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More Short Stories

June 26, 2010

So, we now continue Marvel’s current superhero anthology with Age of Heroes #2.  It starts off with a Gravity story bridging his previous story to where he’s going with Young Allies.  He’s decided to quit the superhero business, and he’s heading off for New York City again to do… something.  It’s not clear.  On the way, somewhere near Cleveland, he sees a giant explosion.  Turns out it’s Radioactive Man’s evil son, Warhead, one of the cleverly named Bastards of Evil.  Gravity ends up underestimating Warhead’s blood lust, and some civilians get cooked.  He does end up beating Warhead, and the incident makes him realize that he can’t quit.  In the second story, Norah Winters tries to write a story about bumping into American Son killing a monster rampaging in New York City.  He never took off his mask, so we don’t know if it’s Harry Osborn, yet that seems most likely.  Ben Urich won’t run the story because Spider-Man by himself isn’t a good enough source, so Norah decides to do some more research.  Then, the Young Masters of Evil worry about their morality choices and whatnot before seeing Thor fly by.  Lastly, the Gauntlet returns to Afghanistan to serve in the army, and he claims that the real heroes are the soldiers, not superheroes.

Meh.  That’s all I can say.  Meh.  None of these stories really excited me, especially since the only one I’ve really read about before was the Gauntlet with his involvement in Avengers: The Initiative.  I’m getting really tired of all these things leading into Young Allies, between this, the full page ads, and the Nomad backup.  I get that Sean McKeever is trying to promote his new series, but it’s getting to be too much.  There’s also the question of why Gravity’s heading back to New York, which is never answered.  And Warhead isn’t much more interesting than any of the new, more violent supervillains that have been popping up for the past, I don’t know, twenty plus years.  Then, I stopped reading Amazing Spider-Man before American Son happened or before Norah Winters became important, so the only reason that was interesting was because of the idea of Harry trying to redeem himself.  But considering the general quality of Spider-Man for the past few years, I’m still not interested.  This story wasn’t that exciting either.  Then, the Young Masters of Evil story was so short that I can barely get a grip on who they are.  They seem to be a bunch of poseur heroes/villains, nothing more.  And the Gauntlet story was mildly nauseating.  Yes, I get that we’re supposed to respect and honor our troops.  But that last line was just so ridiculously cheezy.  I mean, the art, by David Baldeón, Mark Brooks, and Ty Templeton, was decent enough.  Chad Hardin’s work was rather boring, fitting the general lack of excitement in this whole issue.  But I just feel like this issue wasn’t up to the same standards as the last one, partially because there wasn’t a single major character to pull a lot of the weight of the issue.  So whatever.  Maybe issue three will be better.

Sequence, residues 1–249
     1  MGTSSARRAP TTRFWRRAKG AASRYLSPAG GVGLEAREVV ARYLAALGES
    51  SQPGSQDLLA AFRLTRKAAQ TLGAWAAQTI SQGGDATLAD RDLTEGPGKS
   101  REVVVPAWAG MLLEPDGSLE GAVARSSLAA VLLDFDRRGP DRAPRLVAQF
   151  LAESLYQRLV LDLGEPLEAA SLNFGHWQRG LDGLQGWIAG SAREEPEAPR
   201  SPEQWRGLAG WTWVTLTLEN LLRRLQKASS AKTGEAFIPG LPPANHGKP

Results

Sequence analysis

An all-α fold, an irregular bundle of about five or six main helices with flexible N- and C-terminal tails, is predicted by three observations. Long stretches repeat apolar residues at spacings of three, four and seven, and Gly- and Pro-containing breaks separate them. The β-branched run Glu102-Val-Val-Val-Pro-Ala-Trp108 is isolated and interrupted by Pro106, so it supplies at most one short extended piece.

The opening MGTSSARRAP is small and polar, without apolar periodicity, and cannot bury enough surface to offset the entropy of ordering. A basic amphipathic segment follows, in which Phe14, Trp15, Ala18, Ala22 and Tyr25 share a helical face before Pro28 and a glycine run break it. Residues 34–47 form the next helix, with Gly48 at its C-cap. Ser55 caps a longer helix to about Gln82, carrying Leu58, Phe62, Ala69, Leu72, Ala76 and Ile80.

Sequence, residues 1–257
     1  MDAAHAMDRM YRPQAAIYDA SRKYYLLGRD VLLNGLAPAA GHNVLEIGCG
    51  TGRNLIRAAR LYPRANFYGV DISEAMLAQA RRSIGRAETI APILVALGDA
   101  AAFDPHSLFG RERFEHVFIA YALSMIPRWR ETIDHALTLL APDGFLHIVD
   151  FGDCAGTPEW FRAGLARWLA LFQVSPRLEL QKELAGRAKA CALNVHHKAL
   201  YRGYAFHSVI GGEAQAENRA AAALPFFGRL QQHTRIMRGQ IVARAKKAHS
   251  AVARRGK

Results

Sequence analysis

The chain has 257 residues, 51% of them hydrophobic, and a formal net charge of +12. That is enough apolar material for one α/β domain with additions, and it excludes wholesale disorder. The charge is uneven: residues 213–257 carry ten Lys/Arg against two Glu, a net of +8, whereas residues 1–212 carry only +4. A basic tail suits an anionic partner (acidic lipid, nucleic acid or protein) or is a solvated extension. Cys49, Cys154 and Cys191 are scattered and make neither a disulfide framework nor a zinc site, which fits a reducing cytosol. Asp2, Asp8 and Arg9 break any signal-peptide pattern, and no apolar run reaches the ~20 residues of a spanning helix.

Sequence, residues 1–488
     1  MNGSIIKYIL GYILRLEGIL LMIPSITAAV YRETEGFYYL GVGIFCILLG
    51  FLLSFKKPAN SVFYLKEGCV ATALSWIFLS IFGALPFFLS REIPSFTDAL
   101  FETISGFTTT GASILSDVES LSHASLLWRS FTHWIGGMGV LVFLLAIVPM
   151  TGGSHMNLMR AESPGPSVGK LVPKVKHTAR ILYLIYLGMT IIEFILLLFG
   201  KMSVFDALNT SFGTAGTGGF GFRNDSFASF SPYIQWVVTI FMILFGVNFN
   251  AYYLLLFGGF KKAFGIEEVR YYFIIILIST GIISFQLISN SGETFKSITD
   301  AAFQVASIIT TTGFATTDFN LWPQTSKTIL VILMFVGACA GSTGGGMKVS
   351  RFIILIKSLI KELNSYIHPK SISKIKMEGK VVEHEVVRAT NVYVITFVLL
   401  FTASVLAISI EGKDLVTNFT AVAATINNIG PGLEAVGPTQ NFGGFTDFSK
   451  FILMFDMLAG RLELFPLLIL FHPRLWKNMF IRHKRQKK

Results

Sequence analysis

Plot: 6.7      Art: 8.3      Dialogue: 6.3      Overall: 6.7

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